Barra said at the time, “The actions we are taking today continue our transformation to be highly agile, resilient and profitable, while giving us the flexibility to invest in the future… We recognize the need to stay in front of changing market conditions and customer preferences to position our company for long-term success… These actions will increase the long-term profit and cash generation potential of the company and improve resilience through the cycle¹¹.”

That’s the adaptive imperative in action.

3. When conceiving of the enterprise, the Systems View is primary; the functional view must be secondary

Barra’s path to the top began on the shop floor. Along the way she spent time in most of the critical functions of the business. Her role as head of global human resources during the years right after bankruptcy provided her with a systemic view of the company.

Since becoming CEO, Barra’s systems view is reflected in her decisions. One example is the vertical integration path she has taken with the Chevy Bolt and the Cruise acquisition. In the same way that Apple vertically integrated its iPhone, delivering users a more complete phone experience than is possible with Android phones, GM is gaining control of the building blocks of electrical and autonomous driving. This began with the Cruise acquisition, but was advanced by the acquisition of Strobe — the Lidar technology company. Now it has control over the building of the car itself, the autonomous driving brain (Cruise) and its eyes (Strobe). It has even begun experimenting with the service layer, both in its Lyft investment and in its own rideshare service for Cruise employees, called Cruise Anywhere. By owning all the building blocks, it is able to build comprehensive system feedback loops into the technology. It also gains more control over the production cycle for components. Now components can be built to match GM’s specifications, not the other way around. And GM now benefits from all the economic value of each component, versus having to share that value with a supplier¹².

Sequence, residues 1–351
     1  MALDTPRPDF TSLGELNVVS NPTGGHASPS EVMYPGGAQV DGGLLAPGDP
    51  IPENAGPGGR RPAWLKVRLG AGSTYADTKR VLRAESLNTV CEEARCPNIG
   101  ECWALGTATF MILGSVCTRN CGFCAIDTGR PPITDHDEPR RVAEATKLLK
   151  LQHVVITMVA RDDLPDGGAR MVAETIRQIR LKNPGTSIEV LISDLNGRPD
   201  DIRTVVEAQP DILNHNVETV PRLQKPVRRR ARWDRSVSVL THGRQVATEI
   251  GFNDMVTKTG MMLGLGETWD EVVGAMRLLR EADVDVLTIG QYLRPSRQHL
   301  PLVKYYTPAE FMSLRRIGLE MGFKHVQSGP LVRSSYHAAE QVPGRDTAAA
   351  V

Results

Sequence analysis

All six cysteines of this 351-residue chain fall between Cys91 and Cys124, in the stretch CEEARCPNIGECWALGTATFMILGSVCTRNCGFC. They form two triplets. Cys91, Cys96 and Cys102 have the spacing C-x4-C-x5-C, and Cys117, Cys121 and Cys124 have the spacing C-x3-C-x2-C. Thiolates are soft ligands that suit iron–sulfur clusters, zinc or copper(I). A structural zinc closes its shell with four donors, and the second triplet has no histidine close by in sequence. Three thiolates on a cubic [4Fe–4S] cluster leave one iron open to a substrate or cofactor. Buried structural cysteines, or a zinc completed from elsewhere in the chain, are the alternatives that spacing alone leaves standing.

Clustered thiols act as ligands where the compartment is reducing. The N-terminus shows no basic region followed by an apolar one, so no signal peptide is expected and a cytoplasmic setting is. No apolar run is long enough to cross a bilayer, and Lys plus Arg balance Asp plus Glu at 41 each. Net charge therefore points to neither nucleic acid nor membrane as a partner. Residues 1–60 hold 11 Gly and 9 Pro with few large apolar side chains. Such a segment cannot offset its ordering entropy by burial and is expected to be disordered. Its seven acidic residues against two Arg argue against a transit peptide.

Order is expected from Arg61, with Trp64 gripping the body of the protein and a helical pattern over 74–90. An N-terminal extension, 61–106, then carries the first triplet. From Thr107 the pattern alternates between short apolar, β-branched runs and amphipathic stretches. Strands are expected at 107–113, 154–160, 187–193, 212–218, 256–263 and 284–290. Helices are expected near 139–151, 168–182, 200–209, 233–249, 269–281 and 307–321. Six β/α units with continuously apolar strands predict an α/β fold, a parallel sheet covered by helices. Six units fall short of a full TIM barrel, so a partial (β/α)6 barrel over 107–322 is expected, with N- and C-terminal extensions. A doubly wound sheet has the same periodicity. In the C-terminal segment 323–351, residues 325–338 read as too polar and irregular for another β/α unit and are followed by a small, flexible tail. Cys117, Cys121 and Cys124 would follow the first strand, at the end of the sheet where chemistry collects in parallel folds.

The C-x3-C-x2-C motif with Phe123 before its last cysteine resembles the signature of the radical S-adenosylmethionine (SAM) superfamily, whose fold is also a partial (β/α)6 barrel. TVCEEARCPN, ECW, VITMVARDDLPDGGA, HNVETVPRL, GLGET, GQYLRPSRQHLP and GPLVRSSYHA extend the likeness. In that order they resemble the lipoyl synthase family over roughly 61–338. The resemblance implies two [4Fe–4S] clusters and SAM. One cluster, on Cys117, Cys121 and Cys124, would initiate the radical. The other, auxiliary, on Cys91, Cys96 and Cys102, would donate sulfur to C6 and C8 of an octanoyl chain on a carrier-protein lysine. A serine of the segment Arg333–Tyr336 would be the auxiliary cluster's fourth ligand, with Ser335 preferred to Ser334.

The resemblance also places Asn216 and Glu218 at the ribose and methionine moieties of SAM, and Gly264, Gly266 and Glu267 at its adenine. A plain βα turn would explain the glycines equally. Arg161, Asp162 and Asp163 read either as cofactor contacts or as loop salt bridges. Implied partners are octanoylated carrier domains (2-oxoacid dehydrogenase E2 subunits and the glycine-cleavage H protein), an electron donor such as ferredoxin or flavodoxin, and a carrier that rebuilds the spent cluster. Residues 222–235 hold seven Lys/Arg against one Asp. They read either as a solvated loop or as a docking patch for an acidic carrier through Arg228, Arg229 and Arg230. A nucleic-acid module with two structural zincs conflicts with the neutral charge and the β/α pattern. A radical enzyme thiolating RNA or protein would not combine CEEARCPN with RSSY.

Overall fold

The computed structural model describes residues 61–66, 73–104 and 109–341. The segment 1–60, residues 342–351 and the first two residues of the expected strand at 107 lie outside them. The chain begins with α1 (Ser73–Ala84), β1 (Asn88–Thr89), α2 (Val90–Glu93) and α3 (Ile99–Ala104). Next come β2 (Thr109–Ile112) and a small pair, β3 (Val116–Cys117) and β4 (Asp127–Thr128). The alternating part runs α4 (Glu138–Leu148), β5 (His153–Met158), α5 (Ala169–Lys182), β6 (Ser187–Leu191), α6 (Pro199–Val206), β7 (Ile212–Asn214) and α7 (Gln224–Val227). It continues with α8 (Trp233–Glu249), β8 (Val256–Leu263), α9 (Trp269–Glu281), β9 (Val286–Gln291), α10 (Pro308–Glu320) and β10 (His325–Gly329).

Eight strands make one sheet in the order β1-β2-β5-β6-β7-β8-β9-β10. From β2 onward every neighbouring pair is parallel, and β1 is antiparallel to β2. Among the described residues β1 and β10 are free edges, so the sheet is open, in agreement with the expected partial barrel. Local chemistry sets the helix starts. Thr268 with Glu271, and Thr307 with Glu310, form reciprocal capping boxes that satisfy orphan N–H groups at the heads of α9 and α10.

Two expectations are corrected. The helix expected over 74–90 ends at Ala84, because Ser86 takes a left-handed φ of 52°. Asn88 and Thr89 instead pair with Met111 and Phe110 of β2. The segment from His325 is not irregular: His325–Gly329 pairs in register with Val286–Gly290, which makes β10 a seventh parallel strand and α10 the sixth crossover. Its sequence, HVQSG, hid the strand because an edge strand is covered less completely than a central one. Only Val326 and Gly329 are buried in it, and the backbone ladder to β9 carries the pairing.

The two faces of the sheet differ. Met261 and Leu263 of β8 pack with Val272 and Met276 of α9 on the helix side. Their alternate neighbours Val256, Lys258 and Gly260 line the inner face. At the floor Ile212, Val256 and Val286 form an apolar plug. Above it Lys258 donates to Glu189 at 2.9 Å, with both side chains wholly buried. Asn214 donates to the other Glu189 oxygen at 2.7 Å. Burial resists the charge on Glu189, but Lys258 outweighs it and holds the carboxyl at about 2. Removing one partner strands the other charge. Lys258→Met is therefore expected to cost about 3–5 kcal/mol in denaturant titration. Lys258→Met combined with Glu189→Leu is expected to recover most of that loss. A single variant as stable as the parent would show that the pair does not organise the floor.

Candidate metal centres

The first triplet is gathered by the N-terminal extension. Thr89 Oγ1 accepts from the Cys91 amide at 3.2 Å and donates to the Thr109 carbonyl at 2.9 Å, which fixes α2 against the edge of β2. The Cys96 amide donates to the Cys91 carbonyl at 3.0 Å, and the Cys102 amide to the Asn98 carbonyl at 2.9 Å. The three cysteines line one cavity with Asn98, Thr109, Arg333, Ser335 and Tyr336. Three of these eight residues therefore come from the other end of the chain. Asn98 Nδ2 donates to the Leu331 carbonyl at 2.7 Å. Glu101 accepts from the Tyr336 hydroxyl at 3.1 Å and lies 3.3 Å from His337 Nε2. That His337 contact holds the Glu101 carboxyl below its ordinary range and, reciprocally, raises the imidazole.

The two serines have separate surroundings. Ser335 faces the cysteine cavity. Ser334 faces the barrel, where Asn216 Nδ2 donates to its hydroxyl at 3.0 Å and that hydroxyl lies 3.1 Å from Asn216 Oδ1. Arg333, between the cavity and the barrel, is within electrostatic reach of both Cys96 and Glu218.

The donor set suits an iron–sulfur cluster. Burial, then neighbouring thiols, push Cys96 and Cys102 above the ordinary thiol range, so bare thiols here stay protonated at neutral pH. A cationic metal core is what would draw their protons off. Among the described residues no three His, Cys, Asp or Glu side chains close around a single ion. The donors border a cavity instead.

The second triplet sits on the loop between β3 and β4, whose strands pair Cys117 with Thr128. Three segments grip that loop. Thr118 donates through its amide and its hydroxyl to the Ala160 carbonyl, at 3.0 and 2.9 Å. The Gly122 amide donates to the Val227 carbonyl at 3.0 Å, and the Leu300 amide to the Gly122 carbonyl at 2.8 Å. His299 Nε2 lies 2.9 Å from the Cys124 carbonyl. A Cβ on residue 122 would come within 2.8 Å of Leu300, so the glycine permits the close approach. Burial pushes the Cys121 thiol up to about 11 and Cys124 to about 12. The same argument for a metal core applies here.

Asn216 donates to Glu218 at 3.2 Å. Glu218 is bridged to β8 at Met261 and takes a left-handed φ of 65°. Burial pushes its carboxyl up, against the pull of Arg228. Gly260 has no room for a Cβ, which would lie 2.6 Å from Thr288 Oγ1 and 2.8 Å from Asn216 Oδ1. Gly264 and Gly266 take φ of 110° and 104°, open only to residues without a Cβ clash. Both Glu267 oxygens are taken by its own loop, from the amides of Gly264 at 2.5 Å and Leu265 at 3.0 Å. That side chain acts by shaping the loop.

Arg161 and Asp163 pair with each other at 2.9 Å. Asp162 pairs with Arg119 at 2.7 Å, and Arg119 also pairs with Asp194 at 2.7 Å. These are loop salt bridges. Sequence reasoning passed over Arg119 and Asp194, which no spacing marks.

4. The enterprise is comprised of Operating Systems (such as the revenue engine system and the product management system) that create results; and Meta Systems (such as the governance system and culture system) that exist to elevate the performance of operating systems

The operating systems of a company as large and diverse as GM don’t lend themselves to adequate review in a single section of one chapter of a book. Beyond the product discovery and product management systems mentioned earlier, GM’s revenue engine system includes four major subsystems: its global marketing engine (brand marketing), its national marketing engine (focused on promotions), its regional marketing engine (for regional promotions) and its dealership network. These subsystems exhibit significant variations in different parts of the globe — such as in China, where GM has ten joint ventures. Its production system keeps vehicles rolling off the production line. And of course GM features a comprehensive global accounting system and HR system.